The resignation of now-former UK business minister Jo Johnson, brother to current Prime Minister Boris Johnson, has featured on the front pages of UK media today, to greater and lesser degrees, as The Guardian branded the resignation “an extraordinary blow” to Boris Johnson’s premiership.
The paper ran the headline: “I quit. Jo Johnson puts country before family.”
The Guardian front page, Friday 6 September 2019: I quit. Jo Johnson puts country before family pic.twitter.com/pe36mVmEXk— The Guardian (@guardian) September 5, 2019
According to the publication, “the dramatic move by the younger Johnson … sent shockwaves through the Conservative party and appeared to severely rattle the prime minister as he visited a police training academy”
Choosing a more visual approach, The Mirror ran a photograph of Boris, Rachel and Jo Johnson with the headline: “Even Boris’ own family don’t trust him”.
According to the paper, “Boris Johnson’s own family have turned on him over his bid to crash out of the EU”.
The publication offered a quote from Boris Johnson’s sister, Rachel, telling the PM to “climb down from the greasy pole”.
“Johnson suffers fresh setback as brother quits government”, was the FT’s headline, with the paper underscoring that “the Brexit crisis enveloping Boris Johnson intensified yesterday when his youngest brother quit the government”.
The i reported: “PM defiant as brother walks out”. It similarly cited the words of Jo Johnson that he cannot strike a balance between “family loyalty and the national interest”.
The Evening Standard juggled around with its headlines, as its initial headline of: “Disaster for Boris as brother quits”, was subsequently changed to the more catchy “Blow for Bojo as bro Jo go goes”.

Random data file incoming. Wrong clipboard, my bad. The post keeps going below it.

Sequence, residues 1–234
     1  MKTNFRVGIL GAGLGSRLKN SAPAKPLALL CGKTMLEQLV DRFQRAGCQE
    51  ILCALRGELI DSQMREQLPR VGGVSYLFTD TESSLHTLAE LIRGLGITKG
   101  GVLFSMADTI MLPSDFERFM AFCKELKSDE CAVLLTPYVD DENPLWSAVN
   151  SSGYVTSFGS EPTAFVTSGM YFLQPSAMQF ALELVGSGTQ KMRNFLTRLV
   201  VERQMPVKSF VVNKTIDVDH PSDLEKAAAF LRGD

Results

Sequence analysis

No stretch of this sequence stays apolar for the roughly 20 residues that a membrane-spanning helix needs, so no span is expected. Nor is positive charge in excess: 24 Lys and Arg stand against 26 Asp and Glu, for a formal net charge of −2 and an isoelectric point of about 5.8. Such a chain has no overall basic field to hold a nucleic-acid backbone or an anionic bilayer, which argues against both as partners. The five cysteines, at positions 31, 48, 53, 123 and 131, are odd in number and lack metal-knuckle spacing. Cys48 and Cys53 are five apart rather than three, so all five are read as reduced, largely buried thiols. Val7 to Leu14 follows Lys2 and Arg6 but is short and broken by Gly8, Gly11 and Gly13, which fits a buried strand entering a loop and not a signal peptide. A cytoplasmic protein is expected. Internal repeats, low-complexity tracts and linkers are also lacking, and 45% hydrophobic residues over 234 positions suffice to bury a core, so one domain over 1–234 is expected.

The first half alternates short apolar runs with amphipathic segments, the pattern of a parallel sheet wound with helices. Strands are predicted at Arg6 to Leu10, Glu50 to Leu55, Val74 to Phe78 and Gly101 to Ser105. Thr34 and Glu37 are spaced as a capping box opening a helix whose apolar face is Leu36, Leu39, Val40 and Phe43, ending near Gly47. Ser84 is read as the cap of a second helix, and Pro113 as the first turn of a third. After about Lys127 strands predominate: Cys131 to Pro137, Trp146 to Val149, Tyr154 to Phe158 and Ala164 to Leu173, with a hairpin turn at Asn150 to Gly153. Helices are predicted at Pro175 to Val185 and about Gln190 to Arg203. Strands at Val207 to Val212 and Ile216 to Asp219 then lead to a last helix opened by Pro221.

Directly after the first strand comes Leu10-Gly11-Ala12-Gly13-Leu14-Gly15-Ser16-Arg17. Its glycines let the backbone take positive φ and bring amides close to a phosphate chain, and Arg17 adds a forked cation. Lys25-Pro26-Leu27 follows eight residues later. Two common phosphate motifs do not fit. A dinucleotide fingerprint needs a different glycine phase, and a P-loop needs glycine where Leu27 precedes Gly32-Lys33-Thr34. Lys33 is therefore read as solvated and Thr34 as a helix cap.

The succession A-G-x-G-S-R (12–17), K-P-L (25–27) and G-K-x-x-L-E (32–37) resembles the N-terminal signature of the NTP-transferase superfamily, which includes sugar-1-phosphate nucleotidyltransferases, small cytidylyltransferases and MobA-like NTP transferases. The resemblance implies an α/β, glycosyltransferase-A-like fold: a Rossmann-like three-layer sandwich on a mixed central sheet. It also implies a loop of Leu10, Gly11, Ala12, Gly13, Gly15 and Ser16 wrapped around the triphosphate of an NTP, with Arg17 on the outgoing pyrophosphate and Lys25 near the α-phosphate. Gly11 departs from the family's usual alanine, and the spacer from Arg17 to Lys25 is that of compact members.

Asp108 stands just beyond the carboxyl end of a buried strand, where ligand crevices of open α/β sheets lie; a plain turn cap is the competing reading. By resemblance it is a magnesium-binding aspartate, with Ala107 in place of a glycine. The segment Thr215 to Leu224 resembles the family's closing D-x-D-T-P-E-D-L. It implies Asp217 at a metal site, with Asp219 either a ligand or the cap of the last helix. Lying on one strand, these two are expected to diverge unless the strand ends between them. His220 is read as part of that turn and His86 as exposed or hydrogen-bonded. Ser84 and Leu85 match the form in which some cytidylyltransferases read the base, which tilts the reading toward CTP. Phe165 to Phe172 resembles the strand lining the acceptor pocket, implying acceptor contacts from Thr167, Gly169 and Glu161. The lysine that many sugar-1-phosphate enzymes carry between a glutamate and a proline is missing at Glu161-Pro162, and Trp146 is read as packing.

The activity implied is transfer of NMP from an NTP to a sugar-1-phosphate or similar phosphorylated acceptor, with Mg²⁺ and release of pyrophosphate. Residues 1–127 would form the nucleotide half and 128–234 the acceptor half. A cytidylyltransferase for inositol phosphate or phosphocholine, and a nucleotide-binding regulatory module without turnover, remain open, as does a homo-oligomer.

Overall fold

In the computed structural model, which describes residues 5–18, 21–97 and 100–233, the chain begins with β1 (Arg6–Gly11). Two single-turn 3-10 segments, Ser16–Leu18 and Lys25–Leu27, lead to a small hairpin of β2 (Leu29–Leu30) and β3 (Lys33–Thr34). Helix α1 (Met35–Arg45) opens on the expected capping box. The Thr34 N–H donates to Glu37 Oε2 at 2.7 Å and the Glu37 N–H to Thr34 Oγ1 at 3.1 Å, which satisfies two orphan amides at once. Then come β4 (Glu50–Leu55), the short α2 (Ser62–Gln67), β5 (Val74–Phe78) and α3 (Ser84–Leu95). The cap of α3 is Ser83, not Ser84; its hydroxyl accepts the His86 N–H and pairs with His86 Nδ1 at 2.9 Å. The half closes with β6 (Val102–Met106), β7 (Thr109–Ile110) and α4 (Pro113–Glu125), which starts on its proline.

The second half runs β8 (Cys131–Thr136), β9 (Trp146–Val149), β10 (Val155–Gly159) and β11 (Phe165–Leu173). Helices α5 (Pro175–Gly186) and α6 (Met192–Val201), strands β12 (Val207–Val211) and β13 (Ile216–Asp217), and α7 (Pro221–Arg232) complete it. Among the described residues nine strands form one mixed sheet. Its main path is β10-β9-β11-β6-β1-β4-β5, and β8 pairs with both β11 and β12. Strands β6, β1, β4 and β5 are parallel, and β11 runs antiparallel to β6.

Thank goodness someone realized they could do better pic.twitter.com/3nYz11gpv2— Helen Kennedy (@HelenKennedy) September 5, 2019
Other papers, like The Telegraph and The Times, opted to lead on the Brexit delay and potential election on 15 October.
The Telegraph wrote: “Labour plotting to push back election to November”, saying that “the Labour leader believes he can trap Boris Johnson by refusing to agree to his preferred election date, forcing him to seek a Brexit extension before a poll is held.”
As it ran the headline: “No election until Brexit is delayed”, The Times did get around to the news involving Jo Johnson news later in the story, calling it “a torrid day for Mr Johnson”.
The Express swooped in on the much-quoted phrase from the prime minister on Thursday: “I’d rather be dead in a ditch than delay Brexit”, qualifying the comment from Boris Johnson as “a defiant blast” in which “the prime minister insisted that he would not allow MPs to force him to go to Brussels to postpone the UK’s departure from the bloc”.
Tomorrow’s @Daily_Express #frontpage— Daily Express (@Daily_Express) September 5, 2019
- #BorisJohnson says 'I'd rather be dead in a ditch than delay #Brexit '
- Her Royal shyness: Caring #PrinceGeorge soothes #Charlotte 's fears on first day at school#tomorrowspaperstoday pic.twitter.com/9yqnvHL6kC
UK Prime Minister Boris Johnson's brother, Jo Johnson, announced he was resigning as cabinet minister and MP after revealing he was "torn between family loyalty and the national interest".
Jo Johnson said that it had been an "honour" to represent his constituency of Orpington for nine years and as minister under three Prime Ministers.
However, he cited "unresolvable tension" and said it was "time for others to take on my roles" as an MP and minister.
His resignation is the second in his career, since quitting as Transport Minister in protest over former UK Prime Minister Theresa May's Brexit agreement with Brussels in 2018.
During the 2016 EU referendum, Jo Johnson had voted to remain in the European Union, while his brother Boris Johnson vociferously advocated for the Leave campaign.
The current news comes as the British Prime Minister Boris Johnson failed to secure a majority to approve triggering snap elections, with MPs voting 298 to 56 for and against, respectively, falling short of the 434 lawmakers required.
Earlier, the Commons had adopted a bill to push back Brexit after the 31 October in case there was lack of progress in negotiating a deal with Brussels.
Boris Johnson has vowed to take the United Kingdom out of the EU by the 31 October deadline with or without a deal, but is struggling after losing his parliamentary majority amid uncertainty over whether the UK will be able to renegotiate with Brussels.